A polynomial is what we intuitively would regard as one: a₀+a₁x+a₂x²+…+aₙxⁿ. Now, we add one axiom for every possible polynomial:

  • Intermediate value theorem for polynomials: ∀a₀∀a₁∀a₂…∀aₙ∀u∀v. a₀+a₁u+a₂u²+…+aₙuⁿ < 0 < a₀+a₁v+a₂v²+…+aₙvⁿ → ∃x. u

This axiom system is called GRCF. Now that we have axioms, we want to derive theorems from them. The question that bothered the early logicians was whether a computer can automatically decide whether a given proposition, encoded as a string, is true or not. This is not possible in general, though there are special cases where it is.

The next question is whether we can at least make it possible for a computer to check proofs. To be more clear, the question is whether there is a finite set of rules, which allows us to form exactly the true propositions. And this is possible.

Sets of rules are called calculi, and a calculus with this property is called sound and complete, where sound means it allows to derive only correct propositions, and complete means that it actually allows to derive all correct ones. A very simple such calculus is the calculus of natural deduction. It is a very simple set of rules, that is easy to learn and work with. The notation is of the form

input1 input2 …

The first rule is essentially modus ponens:

A   A→B

Introduction of "and" and "or" and "exists" is also easy:

 A    B   A B  A[x:=t]
───  ───  ───  ───────
A∨B  A∨B  A∧B    ∃xA

where A[x:=t] means A with t inserted for x in A.

Elimination of "and" and "forall" is also easy:

A∧B  A∧B    ∀xA
───  ───  ───────
 A    B   A[x:=t]

The other rules are slightly more complicated, because they require the concept of a free assumption: An assumption is something we just propose, without proving it – it is a proposition that is on the top of a proof tree. New assumptions are free, but can be bound by other rules. We will denote bound assumptions in brackets. A proof is correct only when all free assumptions are axioms.

The simplest rule that binds a free assumption is the introduction rule for implications:


This rule means: if we have a proof with the free assumption A and we can derive B, then we are allowed to bind this assumption and derive A→B. This rule essentially says: If B follows from A, then A→B. Notice that one can also bind assumptions that do not occur at all:

─── (bind A)

For disjunction elimination we have


The remaining rules have variable conditions. A variable in some proposition is called free, if it is not in the scope of ∃ or ∀.

∃xA  ∀x(A→C)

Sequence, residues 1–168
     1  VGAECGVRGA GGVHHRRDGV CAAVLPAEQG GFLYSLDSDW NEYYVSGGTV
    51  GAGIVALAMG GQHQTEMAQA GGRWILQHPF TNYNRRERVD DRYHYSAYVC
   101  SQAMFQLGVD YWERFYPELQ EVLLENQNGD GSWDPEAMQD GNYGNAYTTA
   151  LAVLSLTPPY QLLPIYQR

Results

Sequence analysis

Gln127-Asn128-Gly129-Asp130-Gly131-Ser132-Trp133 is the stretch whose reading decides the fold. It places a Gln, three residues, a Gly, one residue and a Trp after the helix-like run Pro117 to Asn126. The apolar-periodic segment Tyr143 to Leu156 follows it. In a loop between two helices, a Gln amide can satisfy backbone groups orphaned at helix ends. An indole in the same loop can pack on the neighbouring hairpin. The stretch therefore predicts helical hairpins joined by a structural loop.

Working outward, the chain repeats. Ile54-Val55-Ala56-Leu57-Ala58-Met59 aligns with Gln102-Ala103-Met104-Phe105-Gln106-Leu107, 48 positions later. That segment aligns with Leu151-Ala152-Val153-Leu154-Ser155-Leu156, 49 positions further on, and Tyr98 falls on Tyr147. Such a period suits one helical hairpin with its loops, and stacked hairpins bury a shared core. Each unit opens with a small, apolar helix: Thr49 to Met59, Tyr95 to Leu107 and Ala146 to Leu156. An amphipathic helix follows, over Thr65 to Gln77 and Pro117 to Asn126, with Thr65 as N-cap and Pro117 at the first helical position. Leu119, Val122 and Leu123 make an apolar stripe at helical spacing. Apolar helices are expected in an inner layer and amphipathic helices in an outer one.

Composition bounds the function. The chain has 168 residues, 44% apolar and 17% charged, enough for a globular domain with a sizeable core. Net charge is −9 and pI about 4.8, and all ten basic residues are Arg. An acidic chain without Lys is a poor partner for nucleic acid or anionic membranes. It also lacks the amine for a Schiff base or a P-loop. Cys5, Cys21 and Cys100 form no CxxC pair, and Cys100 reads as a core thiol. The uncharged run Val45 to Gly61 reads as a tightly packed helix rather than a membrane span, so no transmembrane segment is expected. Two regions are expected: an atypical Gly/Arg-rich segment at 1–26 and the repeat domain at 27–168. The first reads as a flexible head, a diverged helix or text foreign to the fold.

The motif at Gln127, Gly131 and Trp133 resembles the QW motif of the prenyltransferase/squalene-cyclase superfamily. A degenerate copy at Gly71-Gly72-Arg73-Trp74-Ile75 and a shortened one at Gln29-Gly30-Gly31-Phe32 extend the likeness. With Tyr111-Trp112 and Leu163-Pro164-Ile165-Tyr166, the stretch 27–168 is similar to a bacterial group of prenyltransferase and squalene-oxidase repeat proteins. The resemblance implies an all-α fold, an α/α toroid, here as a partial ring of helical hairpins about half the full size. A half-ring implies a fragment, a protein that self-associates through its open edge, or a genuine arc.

if x does not occur freely in C.


if x does not occur freely in any free assumption above A except for A itself. These rules are the rules of minimal logic: Everything derivable by these rules is said to hold minimally. Notice that this system does not have a concept of negation. However, we can derive some simple theorems from it.

[A] A→B
   B    B→C
     ─── (bind A)

This proves that A→B and B→C implies A→C. We can even prove some basic facts about negation – for minimal logic, ⊥ has no special meaning:

A ¬A

However, there are things we can not prove. For example, ((A∨B)∧¬A)→B holds intuitively, but it is not derivable by the calculus so far. Instead of adding new rules, we add axioms: For every proposition A, we add the axiom "ex-falso-quodlibet": ∀x∀y… ⊥→A. We can then derive

           [A]    ¬A
               ⊥        ⊥→B
[(A∨B)∧¬A]      B            [B]
──────────     ─── (bind A)  ─── (bind B)
  A∨B          A→B           B→B
          ──────────── (bind (A∨B)∧¬A)

This system is called intuitionistic logic, propositions derivable with it are said to hold intuitionistically. Usually, when people talk about constructive mathematics, they mean mathematics formalized with intuitionistic logic. Intuitionistic logic has the property that every object that can be shown to exist can be calculated.

One thing that can not be derived is the Drinker's Problem: In every pub, there is a person, such that if this person is drunk, all other persons are drunk:

∃d. D(d)→∀q.D(q)

This is not derivable in intuitionistic logic. The usual proof is:

Assume all people are drunk. Then we are done. Assume at least one person is not drunk. Then this person satisfies the condition: (S)he is not drunk, and not all people are drunk.